Into this wilde Abyss the warie fiend
Stood on the brink of Hell and look'd a while,
Pondering his Voyage…."

— John Milton, Paradise Lost , Book II

For Benedict Cumberbatch as a "warie fiend,"
see posts now tagged Both Hands.

Monday, October 26, 2015

Art and Theology

Filed under: General,Geometry — m759 @ 6:06 AM

Yesterday's nonsense from The New York Times  suggests
a better example of cultural criticism is needed.  Try this 

The opening paragraph of "The many faces of Pablo Picasso,"
by Peter Conrad, at theguardian.com on Saturday,
7 February, 2009, 19.01 EST* —

"Picasso," the surrealist poet Paul Eluard said,
"paints like God or the devil." Picasso favoured
the first option. "I am God," he was once heard
telling himself. He muttered the mantra three
times, boasting of his power to animate and
enliven the visible world. Any line drawn by
his hand pulsed with vitality; when he looked
at it, a bicycle seat and its handlebar could
suddenly turn into the horned head of a bull.
But he also took a diabolical pleasure in
warping appearances, deforming faces and
twisting bodies, subjecting reality to a
tormenting inquisition.

As noted here, yesterday was the birth date (in 1811) of Galois.
It was also the birth date (in 1881) of Picasso.

Related material from the 2009 date* of the Conrad article —
The Log24 post "Childish Things." For those who deeply
dislike Picasso, there is also an 1880 opening illustration 
to Hans Christian Andersen's The Snow Queen

Story the First,
Which Describes a Looking-Glass
and the Broken Fragments

"You must attend to the commencement
of this story, for when we get to the end
we shall know more than we do now about
a very wicked hobgoblin; he was one of the
very worst, for he was a real demon." 

Houghton Mifflin edition of 1880, Riverside Press, Cambridge

Click the above illustration for related posts in this journal.

* Also dated the following day, to correspond to the 00.01 GMT publication
  time of The Guardian 's Sunday version, The Observer , in which it appeared.

Tuesday, October 21, 2014

Art as a Tool

Filed under: General,Geometry — m759 @ 12:35 PM

Two news items on art as a tool:

Two Log24 posts related to the 3×3 grid, the underlying structure for China’s
ancient Lo Shu “magic” square:

Finally, leftist art theorist Rosalind Krauss in this journal
on Anti-Christmas, 2010:

Which is the tool here, the grid or Krauss?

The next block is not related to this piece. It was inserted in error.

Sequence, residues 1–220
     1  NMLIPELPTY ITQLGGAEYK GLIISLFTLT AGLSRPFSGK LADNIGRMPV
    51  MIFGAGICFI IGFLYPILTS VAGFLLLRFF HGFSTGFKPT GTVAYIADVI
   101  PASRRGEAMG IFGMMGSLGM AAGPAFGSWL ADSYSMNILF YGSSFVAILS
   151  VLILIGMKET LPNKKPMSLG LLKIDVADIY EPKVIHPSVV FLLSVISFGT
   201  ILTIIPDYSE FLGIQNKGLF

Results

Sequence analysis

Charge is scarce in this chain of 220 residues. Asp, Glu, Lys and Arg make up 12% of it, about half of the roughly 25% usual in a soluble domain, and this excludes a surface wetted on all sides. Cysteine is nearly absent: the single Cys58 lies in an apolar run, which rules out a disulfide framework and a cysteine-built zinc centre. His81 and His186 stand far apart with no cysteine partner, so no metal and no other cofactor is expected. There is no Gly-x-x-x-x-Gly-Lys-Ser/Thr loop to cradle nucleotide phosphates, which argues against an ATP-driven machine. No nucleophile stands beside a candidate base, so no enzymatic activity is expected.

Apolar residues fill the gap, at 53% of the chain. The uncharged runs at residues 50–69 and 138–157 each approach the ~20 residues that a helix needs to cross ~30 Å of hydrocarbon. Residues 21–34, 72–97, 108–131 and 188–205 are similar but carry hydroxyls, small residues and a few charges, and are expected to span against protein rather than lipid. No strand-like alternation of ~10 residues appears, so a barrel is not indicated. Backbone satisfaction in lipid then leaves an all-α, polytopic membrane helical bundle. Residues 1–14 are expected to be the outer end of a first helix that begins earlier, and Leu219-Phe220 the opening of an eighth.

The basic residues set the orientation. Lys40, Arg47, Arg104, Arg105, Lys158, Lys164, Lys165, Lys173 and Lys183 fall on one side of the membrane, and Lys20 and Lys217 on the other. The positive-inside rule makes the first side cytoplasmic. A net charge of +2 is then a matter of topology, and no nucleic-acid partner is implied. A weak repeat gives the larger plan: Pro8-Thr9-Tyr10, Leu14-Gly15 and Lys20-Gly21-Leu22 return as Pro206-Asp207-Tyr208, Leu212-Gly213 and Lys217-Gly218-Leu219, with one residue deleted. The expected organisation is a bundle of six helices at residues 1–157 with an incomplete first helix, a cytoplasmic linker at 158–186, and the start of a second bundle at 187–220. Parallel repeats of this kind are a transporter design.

Saturday, September 27, 2014

Sweet Sixteen

Filed under: General — Tags: — m759 @ 2:01 AM

Google celebrates its 16th birthday today.

Here are some family values found with its help.

The father-in-law of the late Thomas A. Tombrello
(previous post) was sociologist Robert K. Merton.
See a tribute to Merton by his daughter Stephanie,
Tombrello's widow. See also a Log24 post mentioning
Merton from Oct. 19, 2005. That post leads to a
post from the date of Merton's death, Feb. 23, 2003.

From that 2003 post:

“Her wall is filled with pictures,
She gets ‘em one by one.”

— “Sweet Little Sixteen,” by Chuck Berry
(Chess Records, January 1958)

Sunday, December 2, 2012

Knight’s Labyrinth

Filed under: General — Tags: , — m759 @ 9:29 AM

A magic— indeed, diabolic— square:

IMAGE- 5x5 magic- in fact, diabolic- square

For the construction, see a book
by W. W. Rouse Ball, founding president
of a Cambridge University magic society.

For some related religious remarks,
see Raiders of the Lost Matrix.

Thursday, October 14, 2010

Diamond Theory and Magic Squares

Filed under: General,Geometry — Tags: , — m759 @ 6:19 PM

"A world of made
is not a world of born— pity poor flesh
and trees, poor stars and stones, but never this
fine specimen of hypermagical

— e. e. cummings, 1944

For one such specimen, see The Matrix of Abraham
a 5×5 square that is hypermagical… indeed, diabolical.

Related material on the algebra and geometry underlying some smaller structures
that have also, unfortunately, become associated with the word "magic"—

  1. Finite Geometry of the Square and Cube
  2. Clifford Pickover on a 4×4 square
  3. Christopher J. Henrich on the geometry of 4×4 magic squares
    (without any mention of  [1] above or related work dating back to 1976)

" … listen: there's a hell
of a good universe next door; let's go"

— e. e. cummings

Happy birthday, e. e.